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I am currently working with a Windows 2000 Network that is is running Directory Service and is highly relied on Active Directory. If you do not know what Active Directory ...
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- 06-29-2005 #1
- Join Date
- Nov 2003
- Brooklyn, NY
Active Directory Alternative
I am currently working with a Windows 2000 Network that is is running Directory Service and is highly relied on Active Directory. If you do not know what Active Directory is, click here to learn more.
Before I do the switch I would like to find the best alternative that would achieve the same thing, any suggestions?
- 07-03-2005 #2
- Join Date
- Oct 2001
- Täby, Sweden
Well, if you have any Windows clients, there probably aren't really any alternatives. Windows clients are rather limited, after all. You could possible do something with MS SFU, but I can't say that I know enough about Windows or SFU to tell for sure.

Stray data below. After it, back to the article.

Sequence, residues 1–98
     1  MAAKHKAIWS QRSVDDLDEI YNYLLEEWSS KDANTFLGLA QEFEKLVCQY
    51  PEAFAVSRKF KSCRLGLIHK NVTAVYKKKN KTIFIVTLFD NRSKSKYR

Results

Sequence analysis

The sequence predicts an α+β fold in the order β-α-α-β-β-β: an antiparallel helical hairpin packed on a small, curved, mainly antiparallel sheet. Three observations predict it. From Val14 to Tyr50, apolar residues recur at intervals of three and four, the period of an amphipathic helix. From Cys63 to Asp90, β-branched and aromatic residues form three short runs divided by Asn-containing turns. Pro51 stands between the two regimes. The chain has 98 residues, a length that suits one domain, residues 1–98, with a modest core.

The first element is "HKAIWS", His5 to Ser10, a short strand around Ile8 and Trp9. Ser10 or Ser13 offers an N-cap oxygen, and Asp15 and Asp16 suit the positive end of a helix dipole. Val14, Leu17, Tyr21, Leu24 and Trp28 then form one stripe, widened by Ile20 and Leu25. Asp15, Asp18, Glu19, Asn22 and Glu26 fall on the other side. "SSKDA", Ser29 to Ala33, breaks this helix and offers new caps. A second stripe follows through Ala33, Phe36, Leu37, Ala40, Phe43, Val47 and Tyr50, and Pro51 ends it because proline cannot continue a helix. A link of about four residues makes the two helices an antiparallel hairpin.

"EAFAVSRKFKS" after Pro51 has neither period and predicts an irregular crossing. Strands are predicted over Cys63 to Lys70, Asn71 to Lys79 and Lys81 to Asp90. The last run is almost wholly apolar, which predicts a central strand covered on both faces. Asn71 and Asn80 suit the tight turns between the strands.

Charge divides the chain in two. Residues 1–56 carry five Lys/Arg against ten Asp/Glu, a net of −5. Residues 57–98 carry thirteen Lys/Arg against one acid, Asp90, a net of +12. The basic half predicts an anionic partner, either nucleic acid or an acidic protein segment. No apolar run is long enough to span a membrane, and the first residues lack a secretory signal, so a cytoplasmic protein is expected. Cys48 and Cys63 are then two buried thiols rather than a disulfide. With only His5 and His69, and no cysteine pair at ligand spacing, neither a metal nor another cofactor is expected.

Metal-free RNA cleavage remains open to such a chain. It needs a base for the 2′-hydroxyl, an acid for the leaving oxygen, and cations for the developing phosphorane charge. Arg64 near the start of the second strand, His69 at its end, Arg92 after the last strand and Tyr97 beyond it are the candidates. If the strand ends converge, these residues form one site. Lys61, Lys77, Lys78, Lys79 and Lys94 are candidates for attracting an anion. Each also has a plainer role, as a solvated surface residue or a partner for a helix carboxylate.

If you only have Linux/MacOSX/UNIX/Whatever-other-than-Windows clients, however, you can just use the individual components of AD. Since AD is basically LDAP and Kerberos, you can just install an OpenLDAP server and a Kerberos KDC on the server, and then use nss_ldap and pam_krb5 on the clients.
- 07-18-2005 #3
- Join Date
- Mar 2004
active directory addons
i know it's an old post, but meh, i figure i'd put in some input.
i haven't yet done this linux/windows integration myself yet, only been reading on it. but basically since active directory is an ldap and kerberos server like the other poster said, you can get linux and unix single sign on and authentication working, but it usually involves either installing a client on the linux system, or customizing the pam authentication so it uses ldap/ssl or kerberos, or i think it should be able to do ntlm also.
that's a site for the currently best method of integrating linux into active directory. but it's not free.
anything free and open source will take a bit more reading, since it's more then just a simple install.
problem is most linux distros are targetted for home users or servers. only novell and red hat are putting up a good front for corporate clients, everything else comes with the software capable of doing it, but you gotta put the peices together yourself, such as fedora core or gentoo or debian, they all are capable of authenticating to active directory but you gotta configre the ldap and kerberos clients for it